Landing pages are an essential element to a comprehensive web marketing strategy. They allow you to build the funnel by allowing potential buyers and interested parties to identify themselves from action taken on a landing page.
Backing up, anyone looking into their analytics will know that landing pages are where visitors most frequently enter your website. This is most often because you are directing them to these pages with links posted via social media or in blog posts, and by optimizing them to be found by search engines. These pages do much to educate and inform, but provide minimal opportunity for conversion as they contain lots of information and links to elsewhere on your website.
Landing pages can also be used as standalone webpages, designed specifically for conversion. Perhaps this definition of a landing page, according to Unbounc, a service that allows you to build customized landing pages, will help clarify the difference:
“In the purest sense, a landing page is any web page that a visitor can arrive at or “land” on. However, when discussing landing pages within the realm of marketing and advertising, it’s more common to refer to a landing page as being a standalone web page distinct from your main website that has been designed for a single focused objective.
This means that your landing page should have no global navigation to tie it to your primary website. The main reason for this is to limit the options available to your visitors, helping to guide them toward your intended conversion goal.”
As evidenced by this definition from the experts at Unbounce, landing pages are tools to be used in your digital marketing, focused on conversion. Conversion may sound somewhat like a dirty word, but in digital marketing conversion goals aren’t always necessarily “the sale.” There are many micro-conversions which occur leading up to a sale. Examples of micro-conversions might be someone following you on social media, joining your email list, requesting a demo, or obtaining a free download from you, like a purchasing guide or eBook that you publish. Landing pages are what you would use to offer a download or allow someone to request a demo.
There are two main types of landing pages, discussed here by Unbounce.
The first type, click-through pages, are pages that act as buffers to a shopping cart-type page. A good example for use of a click-through page would be for an event. For instance, you find out about an event on Facebook and are directed to a landing page. This page acts as a buffer between the next page in which you enter your credit card info and purchase a ticket. On the landing page event organizers can provide compelling information about the event, perhaps information on sponsors, speaker roster or presentation content outline, food and beverage options or videos and testimonials, all the while leading you to one focused call-to-action, the “Register Now” button. Had you been directed right to the shopping cart, chances for conversion would have been significantly lower.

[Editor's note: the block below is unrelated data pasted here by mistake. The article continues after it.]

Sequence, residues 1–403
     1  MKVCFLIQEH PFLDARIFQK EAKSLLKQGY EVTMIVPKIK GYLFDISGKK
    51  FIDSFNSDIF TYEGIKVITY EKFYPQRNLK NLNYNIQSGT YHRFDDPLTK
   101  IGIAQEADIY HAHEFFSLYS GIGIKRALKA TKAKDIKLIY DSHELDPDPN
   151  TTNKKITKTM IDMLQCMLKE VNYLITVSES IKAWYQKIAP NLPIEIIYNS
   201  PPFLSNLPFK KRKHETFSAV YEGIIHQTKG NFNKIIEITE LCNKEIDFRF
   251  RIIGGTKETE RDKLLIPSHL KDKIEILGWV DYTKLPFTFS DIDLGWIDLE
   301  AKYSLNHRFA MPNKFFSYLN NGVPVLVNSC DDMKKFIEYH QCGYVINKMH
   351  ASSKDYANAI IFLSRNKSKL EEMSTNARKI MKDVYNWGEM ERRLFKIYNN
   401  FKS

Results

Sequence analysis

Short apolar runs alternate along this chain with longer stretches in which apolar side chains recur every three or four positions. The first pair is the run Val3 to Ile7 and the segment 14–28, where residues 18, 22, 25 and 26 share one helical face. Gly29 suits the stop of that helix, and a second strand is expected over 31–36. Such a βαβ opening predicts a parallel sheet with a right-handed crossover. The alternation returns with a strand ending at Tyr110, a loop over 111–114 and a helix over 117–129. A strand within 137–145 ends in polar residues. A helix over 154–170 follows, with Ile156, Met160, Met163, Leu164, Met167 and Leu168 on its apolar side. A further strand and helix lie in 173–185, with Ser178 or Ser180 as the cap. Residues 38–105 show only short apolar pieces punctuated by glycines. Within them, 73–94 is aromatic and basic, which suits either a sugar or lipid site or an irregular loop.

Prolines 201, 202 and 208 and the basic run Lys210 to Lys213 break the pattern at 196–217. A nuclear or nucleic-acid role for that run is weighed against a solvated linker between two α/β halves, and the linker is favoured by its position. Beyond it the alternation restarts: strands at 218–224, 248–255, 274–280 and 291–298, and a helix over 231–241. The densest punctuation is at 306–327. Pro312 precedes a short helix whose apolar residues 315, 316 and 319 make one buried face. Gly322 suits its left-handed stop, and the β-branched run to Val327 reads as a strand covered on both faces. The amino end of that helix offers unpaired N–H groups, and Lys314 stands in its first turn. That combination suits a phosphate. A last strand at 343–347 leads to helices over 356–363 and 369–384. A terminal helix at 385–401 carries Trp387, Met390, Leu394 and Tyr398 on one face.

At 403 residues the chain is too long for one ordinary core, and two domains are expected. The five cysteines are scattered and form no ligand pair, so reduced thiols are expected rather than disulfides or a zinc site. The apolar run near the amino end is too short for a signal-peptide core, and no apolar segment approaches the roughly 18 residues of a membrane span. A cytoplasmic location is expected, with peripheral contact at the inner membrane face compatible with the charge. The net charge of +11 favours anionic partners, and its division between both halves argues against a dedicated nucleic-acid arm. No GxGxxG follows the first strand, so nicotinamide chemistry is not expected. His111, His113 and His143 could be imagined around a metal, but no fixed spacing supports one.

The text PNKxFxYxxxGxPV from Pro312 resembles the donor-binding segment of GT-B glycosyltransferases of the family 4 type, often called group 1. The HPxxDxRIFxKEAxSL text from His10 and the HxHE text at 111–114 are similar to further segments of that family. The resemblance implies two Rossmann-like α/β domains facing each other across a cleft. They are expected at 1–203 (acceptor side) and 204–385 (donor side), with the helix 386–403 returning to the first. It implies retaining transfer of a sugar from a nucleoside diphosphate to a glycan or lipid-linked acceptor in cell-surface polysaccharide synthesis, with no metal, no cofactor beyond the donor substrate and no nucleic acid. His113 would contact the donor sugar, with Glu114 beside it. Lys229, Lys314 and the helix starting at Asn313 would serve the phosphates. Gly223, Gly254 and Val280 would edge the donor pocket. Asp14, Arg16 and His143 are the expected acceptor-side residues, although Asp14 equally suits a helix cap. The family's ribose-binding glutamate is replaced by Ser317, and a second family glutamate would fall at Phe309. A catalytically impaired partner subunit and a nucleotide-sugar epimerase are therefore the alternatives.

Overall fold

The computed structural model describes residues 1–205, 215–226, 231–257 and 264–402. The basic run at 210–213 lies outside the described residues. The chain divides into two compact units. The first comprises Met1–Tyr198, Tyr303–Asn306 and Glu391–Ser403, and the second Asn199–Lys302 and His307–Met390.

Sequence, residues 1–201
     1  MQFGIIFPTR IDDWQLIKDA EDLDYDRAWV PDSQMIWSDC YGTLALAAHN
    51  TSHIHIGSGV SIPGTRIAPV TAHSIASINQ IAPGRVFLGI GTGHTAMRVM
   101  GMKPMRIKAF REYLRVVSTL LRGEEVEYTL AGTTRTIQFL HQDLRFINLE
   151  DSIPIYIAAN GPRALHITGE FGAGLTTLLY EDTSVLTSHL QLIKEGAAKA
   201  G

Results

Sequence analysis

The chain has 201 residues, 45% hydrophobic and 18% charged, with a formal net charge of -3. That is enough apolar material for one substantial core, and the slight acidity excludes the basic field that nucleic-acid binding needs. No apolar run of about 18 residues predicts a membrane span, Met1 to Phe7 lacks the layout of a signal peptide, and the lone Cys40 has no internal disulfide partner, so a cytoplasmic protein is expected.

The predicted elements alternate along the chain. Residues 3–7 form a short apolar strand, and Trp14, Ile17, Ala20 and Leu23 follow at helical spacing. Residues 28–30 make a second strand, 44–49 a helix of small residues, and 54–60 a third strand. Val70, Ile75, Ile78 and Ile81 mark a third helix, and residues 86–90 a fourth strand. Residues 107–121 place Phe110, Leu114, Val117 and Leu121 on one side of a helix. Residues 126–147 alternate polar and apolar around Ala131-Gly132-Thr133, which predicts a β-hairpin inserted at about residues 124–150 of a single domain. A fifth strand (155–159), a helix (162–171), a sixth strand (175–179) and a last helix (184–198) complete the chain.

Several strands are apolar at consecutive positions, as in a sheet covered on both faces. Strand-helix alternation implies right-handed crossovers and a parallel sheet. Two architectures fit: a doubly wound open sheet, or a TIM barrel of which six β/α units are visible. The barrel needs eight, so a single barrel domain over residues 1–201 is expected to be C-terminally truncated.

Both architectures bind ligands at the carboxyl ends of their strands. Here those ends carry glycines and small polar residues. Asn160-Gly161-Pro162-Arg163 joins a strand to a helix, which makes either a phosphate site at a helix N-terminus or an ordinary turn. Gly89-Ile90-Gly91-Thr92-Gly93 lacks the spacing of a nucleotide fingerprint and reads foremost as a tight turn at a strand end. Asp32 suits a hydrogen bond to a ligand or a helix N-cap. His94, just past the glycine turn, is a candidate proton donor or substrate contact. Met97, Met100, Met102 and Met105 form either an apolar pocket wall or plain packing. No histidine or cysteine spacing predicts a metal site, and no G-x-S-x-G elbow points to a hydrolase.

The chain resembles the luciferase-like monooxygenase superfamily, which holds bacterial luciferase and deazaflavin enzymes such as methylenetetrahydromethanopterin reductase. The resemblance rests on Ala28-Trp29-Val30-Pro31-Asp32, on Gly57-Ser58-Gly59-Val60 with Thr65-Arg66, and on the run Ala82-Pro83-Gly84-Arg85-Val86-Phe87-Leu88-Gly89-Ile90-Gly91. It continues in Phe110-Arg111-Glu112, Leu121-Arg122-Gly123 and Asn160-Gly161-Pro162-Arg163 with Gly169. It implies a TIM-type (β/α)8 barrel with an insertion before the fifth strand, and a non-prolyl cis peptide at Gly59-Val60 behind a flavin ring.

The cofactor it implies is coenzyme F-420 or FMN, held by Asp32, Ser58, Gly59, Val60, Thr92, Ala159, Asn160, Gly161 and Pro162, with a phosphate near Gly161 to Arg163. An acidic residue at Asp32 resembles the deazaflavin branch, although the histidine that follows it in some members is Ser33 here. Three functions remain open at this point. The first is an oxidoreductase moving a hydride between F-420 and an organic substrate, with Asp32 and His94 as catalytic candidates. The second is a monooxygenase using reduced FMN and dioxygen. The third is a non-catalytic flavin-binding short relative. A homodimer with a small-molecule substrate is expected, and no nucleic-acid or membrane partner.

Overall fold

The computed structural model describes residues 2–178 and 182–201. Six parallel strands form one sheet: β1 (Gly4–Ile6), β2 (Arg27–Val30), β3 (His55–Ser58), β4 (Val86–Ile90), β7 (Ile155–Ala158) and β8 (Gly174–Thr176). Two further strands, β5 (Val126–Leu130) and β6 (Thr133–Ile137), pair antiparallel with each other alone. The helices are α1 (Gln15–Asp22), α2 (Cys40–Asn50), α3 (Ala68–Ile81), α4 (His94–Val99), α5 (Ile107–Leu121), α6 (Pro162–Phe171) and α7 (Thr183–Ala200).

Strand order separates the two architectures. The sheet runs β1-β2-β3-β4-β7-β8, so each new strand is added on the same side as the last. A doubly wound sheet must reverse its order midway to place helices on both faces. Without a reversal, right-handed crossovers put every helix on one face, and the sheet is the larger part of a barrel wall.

The second type of landing page is a lead generation page, which is essentially a page that allows someone to “raise their hand,” if you will, to say, “Hey, I might be interested…” On lead generation landing pages you offer something in return for some information, most often an email address and some other basic identification information, obtained via a customized form. These pages are powerful tools, because obtaining this information is the first step in qualification.
For example, if someone downloads a guide to tasting craft beers from your brewery’s website, it signifies that they have interest in learning more about (and enjoy) craft beers. By obtaining their email address in exchange for the guide you can now market to them via email about upcoming tastings and other events at your brewery or retail location(s). They will then come in, continue to learn, and purchase delicious beers and perhaps other products, like educational courses that you offer and locally produced growlers.
There is an entire science to the design and function of landing pages. While being simplistic and focused in nature, if designed poorly a landing page will not convert and will be worthless. Landing page design is a topic for another article, or series of articles; ideally an entire eBook – it’s a vast and important topic. In the meantime here are some examples of great landing page design with critiques from the Unbounce blog. As you look through them, take note of the use of forms and calls-to-actions, as these are the functional elements of landing pages that allow for conversion.
Are you using landing pages? You should be. Here are a few of the leading landing page service providers to check out:
Want see a landing page in action? Check out one of ours: http://unbouncepages.com/download-top-12-web-metrics-ebook/
Want to know how you could be using landing pages better to produce quality leads and tangible sales from your web marketing strategy? Request a Web Marketing Audit today.